How cool new words are added to American Sign Language (Turbo/Corbis)
How cool new words are added to American Sign Language
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Languages change. They must. For example, even stickler grammarians have to admit that "impact" has gained popularity as a verb. Even if it’s still annoying to some. The Oxford Dictionaries are always adding words. Last year duckface was added. Also added were lolcat and five-second rule. As evidenced by that list, the internet is a cauldron of word evolution. And like all other languages, American Sign Language has to incorporate the phrases and terms that spring from it.

A story at Hopes&Fears explores exactly how ASL is incorporating all these internet-y words. Turns out, change happens pretty much like it does in any other language. New signs crop up. They are shared and debated. Some catch on. Eventually, dictionaries reflect the language change. The difference is that ASL doesn’t have one official dictionary. This makes the whole process a little more organic.

Bill Vicars is hard of hearing and culturally Deaf. He owns a company called Lifeprint. It offers an ASL dictionary online. There is a host of resources online to share signs. He told Hopes&Fears:

“First, I do a ‘literature review.’ I compare numerous respected sign language dictionaries and textbooks to see how the sign is demonstrated in those dictionaries. Occasionally, the dictionaries conflict with each other but eventually a dominant sign tends to emerge.” 

“After doing a thorough review of the literature it is time to interview a cross section of Deaf adults who have extensive experience signing. I make it a goal to ask a minimum of ten advanced Deaf signers how ‘they’ do it. The next stage of investigating a sign is to consider how the sign is done in other locations and decide which version is more widely used. The last stage is to post the sign online to my website where it is exposed to the scrutiny of thousands of individuals. Many of whom then email me and tell me their version is better.”

But not everyone in the Deaf community uses Lifeprint. ASL artist, actor and educator Douglas Ridloff learns new signs through different means. "We see various signs until one emerges as the agreed upon sign by a collaboration of the community," he explains. 

But still, it requires discussion until one sign emerges as the best. Sometimes consensus takes a while. 

Ridloff and one of his students, 12-year old Tully Stelzer, showed Hopes&Fears the signs they use for some of the new words. The list includes duckface. It also includes emoji and screencap. Both Tully and Ridloff have different signs they use, but the similarities are easy to pick out.

For example, their signs for "selfie" are rather intuitive. In the discussion, Doug tells Tully: 

“My sign for selfie was a little bit different than yours. I did it by pushing the button on the camera, but our concepts are almost the same. It felt easy because it's almost like following common sense of what we do organically.”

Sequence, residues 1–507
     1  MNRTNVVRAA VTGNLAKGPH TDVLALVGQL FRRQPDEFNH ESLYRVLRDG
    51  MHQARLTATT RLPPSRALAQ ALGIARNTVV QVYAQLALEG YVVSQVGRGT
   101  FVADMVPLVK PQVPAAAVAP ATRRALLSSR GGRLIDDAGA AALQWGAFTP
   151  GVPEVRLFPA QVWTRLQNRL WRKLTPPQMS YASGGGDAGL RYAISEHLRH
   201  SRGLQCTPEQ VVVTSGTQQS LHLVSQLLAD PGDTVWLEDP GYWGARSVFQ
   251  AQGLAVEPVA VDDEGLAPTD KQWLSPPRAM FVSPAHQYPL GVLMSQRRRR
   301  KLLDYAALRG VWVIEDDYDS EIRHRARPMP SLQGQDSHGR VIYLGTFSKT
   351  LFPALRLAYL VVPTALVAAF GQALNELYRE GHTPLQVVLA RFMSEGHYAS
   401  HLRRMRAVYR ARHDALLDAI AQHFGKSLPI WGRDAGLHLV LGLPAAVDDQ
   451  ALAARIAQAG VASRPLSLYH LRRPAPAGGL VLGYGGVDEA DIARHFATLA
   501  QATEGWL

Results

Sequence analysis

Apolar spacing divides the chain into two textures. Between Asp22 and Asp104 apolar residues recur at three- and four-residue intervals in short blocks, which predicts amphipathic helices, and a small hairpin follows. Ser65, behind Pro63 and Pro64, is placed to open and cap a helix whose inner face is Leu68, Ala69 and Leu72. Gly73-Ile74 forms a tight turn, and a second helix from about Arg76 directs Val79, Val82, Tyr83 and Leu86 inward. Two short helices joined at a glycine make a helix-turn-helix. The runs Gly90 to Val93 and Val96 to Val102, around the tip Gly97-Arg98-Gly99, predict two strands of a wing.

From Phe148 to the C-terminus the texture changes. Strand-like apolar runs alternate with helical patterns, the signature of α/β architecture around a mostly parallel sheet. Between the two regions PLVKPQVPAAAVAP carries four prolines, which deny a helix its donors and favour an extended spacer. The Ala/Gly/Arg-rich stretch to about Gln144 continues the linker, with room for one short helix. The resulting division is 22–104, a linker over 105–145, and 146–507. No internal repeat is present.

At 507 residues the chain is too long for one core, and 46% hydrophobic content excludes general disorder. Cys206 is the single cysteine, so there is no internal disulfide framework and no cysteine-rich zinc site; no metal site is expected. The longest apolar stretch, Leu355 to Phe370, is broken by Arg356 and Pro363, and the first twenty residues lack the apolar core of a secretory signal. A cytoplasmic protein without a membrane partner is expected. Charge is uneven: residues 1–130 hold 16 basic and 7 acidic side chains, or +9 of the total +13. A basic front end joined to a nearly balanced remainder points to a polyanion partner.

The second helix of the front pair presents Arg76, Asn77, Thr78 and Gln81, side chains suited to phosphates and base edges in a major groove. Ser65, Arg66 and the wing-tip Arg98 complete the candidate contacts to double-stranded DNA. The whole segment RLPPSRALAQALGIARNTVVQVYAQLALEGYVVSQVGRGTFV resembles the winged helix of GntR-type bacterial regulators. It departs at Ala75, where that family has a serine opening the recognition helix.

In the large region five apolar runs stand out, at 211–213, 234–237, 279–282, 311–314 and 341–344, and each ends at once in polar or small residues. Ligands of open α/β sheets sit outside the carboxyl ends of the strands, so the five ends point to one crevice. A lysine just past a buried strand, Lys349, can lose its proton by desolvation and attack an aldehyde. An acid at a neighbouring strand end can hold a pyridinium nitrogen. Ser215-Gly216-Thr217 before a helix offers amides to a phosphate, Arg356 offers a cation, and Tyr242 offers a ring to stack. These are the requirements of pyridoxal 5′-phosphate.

Once you've seen the sign for selfie, it's easy - even if you're not familiar with ASL. You can catch "Mary" use a similar sign in this YouTube video. She tells the story of a photographer who leaned close to a squirrel for selfie, only to be jumped by the animal.

But other signs are still being sorted out. Doug wrote to Hopes&Fears that after showing his sign for "photobomb" to other members of the Deaf community:

“It was deemed awkward because 'photobomb' is technically an action with several different possibilities," he wrote. 

"ASL is non-linear - a sign can incorporate several dimensions. Temporal, spatial and numeral. For example, if a person is photobombing a crowd of people, this would require a different sign as opposed to a person photobombing another individual. This person also could photobomb within the foreground or in the background, which again would impact how the sign is executed.” 

“This also brings to question who the subject is. The person being photobombed, the photobomber or the photographer. The other challenge with the sign I presented is the fact that it involves too many moving parts at the same time, a violation of the grammatical rules of ASL. This is an example of how the democratic Deaf community breathes life into signs. My point is this: the sign I presented during the shoot at Hopes&Fears is only the beginning of a dialogue of an actual sign. In time, there will be a wholly accepted sign for the word photobomb.”

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CRITICAL THINKING QUESTION
Why might some new signs catch on, while others do not?
Write your answers in the comments section below


COMMENTS (44)
  • rachelb-cel
    9/15/2017 - 12:02 p.m.

    This article is really neat to me because it's about something that makes sense when you think about it, but something that doesn't usually cross the mind of an average person. Sign language is a language that not everyone feels necessary to learn, and most people don't really think about how users of the language also learn new words and create new lingo just as English-speaking people do. This article does a good job at providing several facts that prove this by stating how often sign language dictionaries have to be updated and sharing some included words. The article is a good source for someone who wants to learn more about sign language and also the struggles that come along with it. Like every language, sign language is very complex making it sometimes hard to comprehend how someone could literally communicate through hand motions, which this article makes you realize.